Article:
New Study Backs Up Finding That MagSafe Can Interfere With Medical Devices
Thursday June 3, 2021. 11:20 PM , from Slashdot/Apple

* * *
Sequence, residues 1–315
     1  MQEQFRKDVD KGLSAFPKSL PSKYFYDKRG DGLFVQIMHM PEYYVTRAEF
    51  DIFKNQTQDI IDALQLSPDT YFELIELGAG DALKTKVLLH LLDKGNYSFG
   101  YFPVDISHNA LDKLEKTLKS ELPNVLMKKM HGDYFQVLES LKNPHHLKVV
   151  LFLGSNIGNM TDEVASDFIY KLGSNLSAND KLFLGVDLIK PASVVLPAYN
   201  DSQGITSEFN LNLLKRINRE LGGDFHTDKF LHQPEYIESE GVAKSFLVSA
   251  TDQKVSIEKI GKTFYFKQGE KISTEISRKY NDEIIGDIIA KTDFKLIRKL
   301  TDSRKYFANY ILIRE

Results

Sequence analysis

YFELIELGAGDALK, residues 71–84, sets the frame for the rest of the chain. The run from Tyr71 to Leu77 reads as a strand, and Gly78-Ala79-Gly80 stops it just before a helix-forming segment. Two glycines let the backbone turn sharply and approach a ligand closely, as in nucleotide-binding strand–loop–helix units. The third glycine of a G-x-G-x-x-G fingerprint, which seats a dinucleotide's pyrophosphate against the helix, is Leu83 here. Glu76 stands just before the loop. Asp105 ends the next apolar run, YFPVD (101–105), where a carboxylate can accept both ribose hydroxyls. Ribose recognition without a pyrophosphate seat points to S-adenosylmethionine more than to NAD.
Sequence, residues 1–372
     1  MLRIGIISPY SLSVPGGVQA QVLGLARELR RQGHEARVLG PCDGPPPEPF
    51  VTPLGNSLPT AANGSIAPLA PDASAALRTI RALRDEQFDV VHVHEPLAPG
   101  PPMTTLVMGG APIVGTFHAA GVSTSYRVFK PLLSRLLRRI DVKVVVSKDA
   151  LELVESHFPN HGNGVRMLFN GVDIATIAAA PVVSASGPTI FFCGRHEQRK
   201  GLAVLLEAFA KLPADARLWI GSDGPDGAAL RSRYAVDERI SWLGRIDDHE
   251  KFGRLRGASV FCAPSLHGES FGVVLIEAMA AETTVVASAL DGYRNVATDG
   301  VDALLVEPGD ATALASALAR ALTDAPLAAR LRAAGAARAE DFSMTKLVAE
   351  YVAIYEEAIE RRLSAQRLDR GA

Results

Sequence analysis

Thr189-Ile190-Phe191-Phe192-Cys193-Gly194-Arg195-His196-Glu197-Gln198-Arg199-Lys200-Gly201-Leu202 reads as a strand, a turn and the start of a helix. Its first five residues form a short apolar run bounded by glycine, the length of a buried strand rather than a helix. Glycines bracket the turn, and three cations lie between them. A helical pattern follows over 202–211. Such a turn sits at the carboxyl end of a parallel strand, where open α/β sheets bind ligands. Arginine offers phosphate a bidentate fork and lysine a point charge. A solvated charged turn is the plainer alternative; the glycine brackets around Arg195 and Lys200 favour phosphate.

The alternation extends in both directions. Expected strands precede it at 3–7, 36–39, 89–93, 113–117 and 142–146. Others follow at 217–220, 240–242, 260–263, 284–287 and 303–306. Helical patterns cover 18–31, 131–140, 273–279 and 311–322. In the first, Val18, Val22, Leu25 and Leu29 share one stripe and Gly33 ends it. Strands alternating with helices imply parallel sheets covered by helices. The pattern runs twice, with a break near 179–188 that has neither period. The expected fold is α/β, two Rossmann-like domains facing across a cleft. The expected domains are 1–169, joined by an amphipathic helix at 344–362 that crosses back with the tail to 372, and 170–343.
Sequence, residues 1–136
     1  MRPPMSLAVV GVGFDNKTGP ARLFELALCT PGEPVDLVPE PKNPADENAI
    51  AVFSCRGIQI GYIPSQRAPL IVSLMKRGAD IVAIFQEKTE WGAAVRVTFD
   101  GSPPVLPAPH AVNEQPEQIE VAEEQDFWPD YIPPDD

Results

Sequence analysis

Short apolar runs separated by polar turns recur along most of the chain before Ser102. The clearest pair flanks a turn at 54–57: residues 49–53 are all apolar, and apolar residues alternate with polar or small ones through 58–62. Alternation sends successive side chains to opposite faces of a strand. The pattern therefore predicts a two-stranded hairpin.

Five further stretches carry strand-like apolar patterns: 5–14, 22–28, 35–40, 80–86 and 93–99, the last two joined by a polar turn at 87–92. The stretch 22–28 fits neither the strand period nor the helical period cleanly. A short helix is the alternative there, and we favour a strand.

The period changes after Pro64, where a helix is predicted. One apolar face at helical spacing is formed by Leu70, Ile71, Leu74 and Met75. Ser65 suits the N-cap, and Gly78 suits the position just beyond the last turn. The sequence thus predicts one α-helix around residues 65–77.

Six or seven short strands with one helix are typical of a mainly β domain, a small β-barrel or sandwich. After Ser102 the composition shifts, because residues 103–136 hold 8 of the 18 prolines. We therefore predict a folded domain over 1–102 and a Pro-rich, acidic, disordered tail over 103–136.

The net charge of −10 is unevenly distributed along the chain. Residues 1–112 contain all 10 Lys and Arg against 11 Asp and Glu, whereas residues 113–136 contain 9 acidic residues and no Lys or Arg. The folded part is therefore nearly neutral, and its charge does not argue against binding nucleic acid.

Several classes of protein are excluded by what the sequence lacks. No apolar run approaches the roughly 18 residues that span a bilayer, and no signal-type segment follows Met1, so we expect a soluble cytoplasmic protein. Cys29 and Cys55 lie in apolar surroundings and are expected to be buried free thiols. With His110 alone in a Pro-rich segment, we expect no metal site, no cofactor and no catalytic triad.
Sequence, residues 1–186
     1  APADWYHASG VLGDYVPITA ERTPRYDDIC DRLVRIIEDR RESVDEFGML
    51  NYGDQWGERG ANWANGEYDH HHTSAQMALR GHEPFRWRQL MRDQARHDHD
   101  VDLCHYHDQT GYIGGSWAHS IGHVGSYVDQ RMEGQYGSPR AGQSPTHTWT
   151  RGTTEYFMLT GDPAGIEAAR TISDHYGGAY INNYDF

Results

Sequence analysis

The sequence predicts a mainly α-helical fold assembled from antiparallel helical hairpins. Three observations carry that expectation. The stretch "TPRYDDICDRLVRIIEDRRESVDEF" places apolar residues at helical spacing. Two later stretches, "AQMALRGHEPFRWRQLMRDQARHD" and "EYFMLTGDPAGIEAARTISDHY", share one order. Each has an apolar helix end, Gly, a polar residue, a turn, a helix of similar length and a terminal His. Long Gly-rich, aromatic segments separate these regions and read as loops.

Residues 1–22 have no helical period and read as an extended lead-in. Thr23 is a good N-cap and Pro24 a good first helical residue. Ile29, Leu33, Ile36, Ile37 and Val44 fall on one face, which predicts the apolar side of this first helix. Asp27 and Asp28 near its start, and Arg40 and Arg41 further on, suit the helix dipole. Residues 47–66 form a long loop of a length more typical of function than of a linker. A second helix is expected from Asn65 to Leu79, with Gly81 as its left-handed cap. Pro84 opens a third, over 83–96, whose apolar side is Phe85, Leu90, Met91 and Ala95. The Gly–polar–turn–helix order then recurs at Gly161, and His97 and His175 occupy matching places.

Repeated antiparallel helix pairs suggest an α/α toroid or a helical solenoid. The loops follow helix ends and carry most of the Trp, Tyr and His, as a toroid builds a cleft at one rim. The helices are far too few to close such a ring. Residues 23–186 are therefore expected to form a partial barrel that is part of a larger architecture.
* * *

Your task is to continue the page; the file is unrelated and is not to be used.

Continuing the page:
In 100% of the three in vivo tests, the iPhone 12 Pro Max triggered the devices' magnet reversion mode. That said, the Boston Scientific pacemaker was found to be less susceptible as it only triggered a temporary response. In ex vivo testing, magnetic interference was detected in 8 out of 11 devices, or 72.7%. There are a few things to note here. How seriously a device is impacted may depend on the sensors or components used. The study notes that magnetic interference can occur when medical devices are exposed to magnetic fields as little as 10G. According to the researchers, the iPhone 12 Pro Max has a magnetic field strength of over 50G. However, the ex vivo devices tested didn't respond uniformly. Some were only temporarily disrupted, others had sustained asynchronous pacing, and three weren't impacted at all. The researchers suggest that in the case of a Boston Scientific Accolade MRI pacemaker, the device may not have been affected because it requires a magnet stronger than 70G. After the HeartRhythm study was published, Apple issued additional guidance urging consumers with implanted medical devices to keep iPhone 12 devices more than 6 inches away, or more than 12 inches if wirelessly charging. It also recommended those people consult with both their physician and device manufacturer.
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